Shio Yudetamago Guide: Perfecting & Storing Salted Soft-Boiled Eggs

We’ve all heard of the classic boiled egg, but have you ventured into the delightful world of shio yudetamago? This Japanese delicacy transforms the humble egg into a flavor-packed snack, seasoned simply with salt. It’s a testament to the beauty of minimalism in Japanese cuisine, where each ingredient is allowed to shine.

Shio yudetamago, or salted boiled eggs, might sound straightforward, but it’s the precise technique that elevates it to something you’ll crave at all hours. Perfect for breakfast, as a snack, or even as a side dish, these eggs are a versatile addition to your culinary repertoire. Join us as we dive into the art of making shio yudetamago, ensuring your eggs are perfectly seasoned and cooked to perfection. It’s a simple pleasure that’s bound to become a staple in your kitchen.


To make shio yudetamago, you’ll need a handful of simple ingredients. Here’s what you need to get started.

For Shio Yudetamago

  • 4 large eggs, preferably fresh to ensure ease of peeling
  • 2 tablespoons of sea salt, fine grain works best for an even coating
  • 4 cups of water for boiling
  • Ice water bath, for stopping the cooking process immediately after boiling
  • Light soy sauce, for a deeper umami flavor
  • Sesame seeds, toasted for a nutty crunch
  • Spring onions, finely chopped for a fresh, piquant finish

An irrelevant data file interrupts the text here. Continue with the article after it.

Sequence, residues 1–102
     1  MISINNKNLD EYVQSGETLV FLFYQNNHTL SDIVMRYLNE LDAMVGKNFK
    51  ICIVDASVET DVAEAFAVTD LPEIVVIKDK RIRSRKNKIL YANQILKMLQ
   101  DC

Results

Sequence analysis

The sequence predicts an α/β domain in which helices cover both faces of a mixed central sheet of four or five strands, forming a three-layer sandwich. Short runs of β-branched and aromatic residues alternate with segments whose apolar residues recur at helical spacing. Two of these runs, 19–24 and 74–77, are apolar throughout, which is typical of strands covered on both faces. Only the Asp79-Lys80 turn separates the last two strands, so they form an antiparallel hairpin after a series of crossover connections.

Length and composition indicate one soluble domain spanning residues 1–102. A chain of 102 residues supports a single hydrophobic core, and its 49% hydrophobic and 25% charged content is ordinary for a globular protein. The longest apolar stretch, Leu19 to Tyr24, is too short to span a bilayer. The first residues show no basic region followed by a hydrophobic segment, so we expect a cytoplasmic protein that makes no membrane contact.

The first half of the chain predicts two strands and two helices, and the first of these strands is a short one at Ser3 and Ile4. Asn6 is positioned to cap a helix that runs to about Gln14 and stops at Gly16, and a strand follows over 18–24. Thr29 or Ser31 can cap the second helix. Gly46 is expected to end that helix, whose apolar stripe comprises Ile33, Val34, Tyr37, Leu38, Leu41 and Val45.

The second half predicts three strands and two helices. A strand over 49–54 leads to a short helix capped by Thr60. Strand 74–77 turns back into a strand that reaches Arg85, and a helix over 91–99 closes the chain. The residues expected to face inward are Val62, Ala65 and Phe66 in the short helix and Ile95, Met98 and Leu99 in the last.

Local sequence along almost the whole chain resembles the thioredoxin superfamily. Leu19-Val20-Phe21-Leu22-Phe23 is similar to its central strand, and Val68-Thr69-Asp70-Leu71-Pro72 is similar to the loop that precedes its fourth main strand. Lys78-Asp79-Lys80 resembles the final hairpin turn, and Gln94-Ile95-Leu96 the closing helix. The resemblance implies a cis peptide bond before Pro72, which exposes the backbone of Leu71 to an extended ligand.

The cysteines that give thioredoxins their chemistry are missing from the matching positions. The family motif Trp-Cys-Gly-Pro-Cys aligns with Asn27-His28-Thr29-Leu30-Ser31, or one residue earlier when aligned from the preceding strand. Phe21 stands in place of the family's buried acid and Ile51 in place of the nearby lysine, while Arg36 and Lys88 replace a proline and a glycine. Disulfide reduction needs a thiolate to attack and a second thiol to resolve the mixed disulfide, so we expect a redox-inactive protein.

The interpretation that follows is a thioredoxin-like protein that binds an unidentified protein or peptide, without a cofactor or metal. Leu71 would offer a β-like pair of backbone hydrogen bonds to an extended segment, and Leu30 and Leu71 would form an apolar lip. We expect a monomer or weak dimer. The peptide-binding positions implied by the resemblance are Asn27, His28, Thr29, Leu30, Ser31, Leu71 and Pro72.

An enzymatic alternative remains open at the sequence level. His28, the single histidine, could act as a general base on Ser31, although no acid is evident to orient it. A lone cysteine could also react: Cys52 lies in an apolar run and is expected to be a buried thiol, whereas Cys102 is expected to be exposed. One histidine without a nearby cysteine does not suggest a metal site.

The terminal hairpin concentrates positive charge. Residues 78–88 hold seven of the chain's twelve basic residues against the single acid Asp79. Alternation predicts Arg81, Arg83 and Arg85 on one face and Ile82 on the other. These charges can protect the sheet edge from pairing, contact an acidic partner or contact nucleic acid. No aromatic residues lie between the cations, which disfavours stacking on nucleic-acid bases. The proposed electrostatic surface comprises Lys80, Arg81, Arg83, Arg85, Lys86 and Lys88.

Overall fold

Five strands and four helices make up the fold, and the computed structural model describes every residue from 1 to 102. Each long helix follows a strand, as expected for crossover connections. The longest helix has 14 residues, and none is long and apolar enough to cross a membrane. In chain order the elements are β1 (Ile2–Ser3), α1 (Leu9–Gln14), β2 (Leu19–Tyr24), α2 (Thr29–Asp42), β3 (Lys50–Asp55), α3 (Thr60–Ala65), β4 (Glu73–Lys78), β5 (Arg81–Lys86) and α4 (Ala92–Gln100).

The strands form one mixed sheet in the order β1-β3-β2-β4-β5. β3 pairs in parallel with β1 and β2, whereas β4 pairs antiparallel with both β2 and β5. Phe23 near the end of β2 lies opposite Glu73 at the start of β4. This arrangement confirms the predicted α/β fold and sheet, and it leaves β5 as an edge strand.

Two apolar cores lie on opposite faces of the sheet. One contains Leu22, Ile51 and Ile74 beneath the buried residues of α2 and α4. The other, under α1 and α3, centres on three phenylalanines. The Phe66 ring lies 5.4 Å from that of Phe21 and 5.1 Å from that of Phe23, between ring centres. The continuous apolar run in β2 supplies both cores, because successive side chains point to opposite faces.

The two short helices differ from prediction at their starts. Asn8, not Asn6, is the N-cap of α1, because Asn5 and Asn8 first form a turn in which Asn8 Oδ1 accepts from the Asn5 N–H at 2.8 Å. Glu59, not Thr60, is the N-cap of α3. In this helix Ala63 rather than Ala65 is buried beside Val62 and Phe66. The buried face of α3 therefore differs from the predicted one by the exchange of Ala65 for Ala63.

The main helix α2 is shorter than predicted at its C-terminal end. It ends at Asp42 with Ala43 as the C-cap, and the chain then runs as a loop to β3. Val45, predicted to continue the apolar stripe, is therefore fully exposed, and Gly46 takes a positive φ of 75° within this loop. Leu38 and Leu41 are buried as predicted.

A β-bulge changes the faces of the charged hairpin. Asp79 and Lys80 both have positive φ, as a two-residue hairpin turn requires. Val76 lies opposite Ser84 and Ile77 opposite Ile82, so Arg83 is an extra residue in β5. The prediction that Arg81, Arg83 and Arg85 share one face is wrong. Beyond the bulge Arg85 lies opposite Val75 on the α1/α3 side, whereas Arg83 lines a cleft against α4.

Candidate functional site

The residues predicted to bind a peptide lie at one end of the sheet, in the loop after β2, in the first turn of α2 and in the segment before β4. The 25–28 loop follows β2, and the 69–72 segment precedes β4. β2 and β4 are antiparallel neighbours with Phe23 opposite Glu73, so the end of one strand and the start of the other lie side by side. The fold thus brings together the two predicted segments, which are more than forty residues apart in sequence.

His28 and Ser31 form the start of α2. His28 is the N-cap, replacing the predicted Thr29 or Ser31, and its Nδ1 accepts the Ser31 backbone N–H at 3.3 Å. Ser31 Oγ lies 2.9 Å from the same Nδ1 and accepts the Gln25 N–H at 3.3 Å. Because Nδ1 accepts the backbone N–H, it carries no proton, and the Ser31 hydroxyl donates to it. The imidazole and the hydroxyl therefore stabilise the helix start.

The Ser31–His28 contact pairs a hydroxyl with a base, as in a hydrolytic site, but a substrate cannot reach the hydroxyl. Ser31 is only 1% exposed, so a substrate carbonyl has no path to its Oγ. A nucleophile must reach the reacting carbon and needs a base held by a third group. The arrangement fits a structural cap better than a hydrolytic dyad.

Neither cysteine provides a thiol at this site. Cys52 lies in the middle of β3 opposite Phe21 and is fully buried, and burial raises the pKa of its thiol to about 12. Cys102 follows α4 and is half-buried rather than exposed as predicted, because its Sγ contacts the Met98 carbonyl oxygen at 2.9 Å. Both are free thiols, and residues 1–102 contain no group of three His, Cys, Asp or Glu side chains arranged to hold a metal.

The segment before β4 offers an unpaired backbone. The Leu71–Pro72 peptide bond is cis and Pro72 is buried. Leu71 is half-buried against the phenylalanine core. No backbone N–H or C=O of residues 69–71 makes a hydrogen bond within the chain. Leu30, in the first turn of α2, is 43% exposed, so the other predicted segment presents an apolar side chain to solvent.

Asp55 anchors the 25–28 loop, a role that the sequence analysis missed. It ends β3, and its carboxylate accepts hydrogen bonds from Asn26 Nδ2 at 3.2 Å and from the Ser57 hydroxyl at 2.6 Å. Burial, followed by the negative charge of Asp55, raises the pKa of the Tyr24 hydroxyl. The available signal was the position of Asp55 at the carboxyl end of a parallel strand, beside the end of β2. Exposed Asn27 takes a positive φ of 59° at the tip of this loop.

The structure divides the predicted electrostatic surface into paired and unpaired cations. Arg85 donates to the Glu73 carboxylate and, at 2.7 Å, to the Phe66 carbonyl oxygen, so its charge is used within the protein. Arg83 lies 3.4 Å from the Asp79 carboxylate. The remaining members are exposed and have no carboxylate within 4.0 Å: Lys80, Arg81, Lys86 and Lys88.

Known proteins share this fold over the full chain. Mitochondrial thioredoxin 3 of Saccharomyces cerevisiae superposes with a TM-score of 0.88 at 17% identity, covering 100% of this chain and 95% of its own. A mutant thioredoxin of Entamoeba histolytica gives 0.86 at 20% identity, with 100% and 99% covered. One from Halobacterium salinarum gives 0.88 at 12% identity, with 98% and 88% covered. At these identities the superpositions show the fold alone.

• Chili flakes, for those who prefer a spicy kick

Equipment Needed

To embark on the culinary adventure of making shio yudetamago, you’ll need some basic kitchen tools that most of us already have on hand. Here’s a rundown of the essential equipment to ensure your boiled eggs come out perfectly seasoned and delicious every time.

  • Medium Saucepan: This will be the workhorse of the process, used to boil the eggs. A saucepan with a lid is preferable, as it helps maintain a steady temperature during cooking.
  • Slotted Spoon: A slotted spoon is crucial for safely lowering the eggs into boiling water and removing them without getting scalded. It also minimizes the risk of cracking the shells prematurely.
  • Bowl for Ice Bath: After boiling, the eggs need to be shocked in an ice bath to stop the cooking process immediately. Any large bowl will do, but make sure it can hold enough water and ice to submerge all your eggs.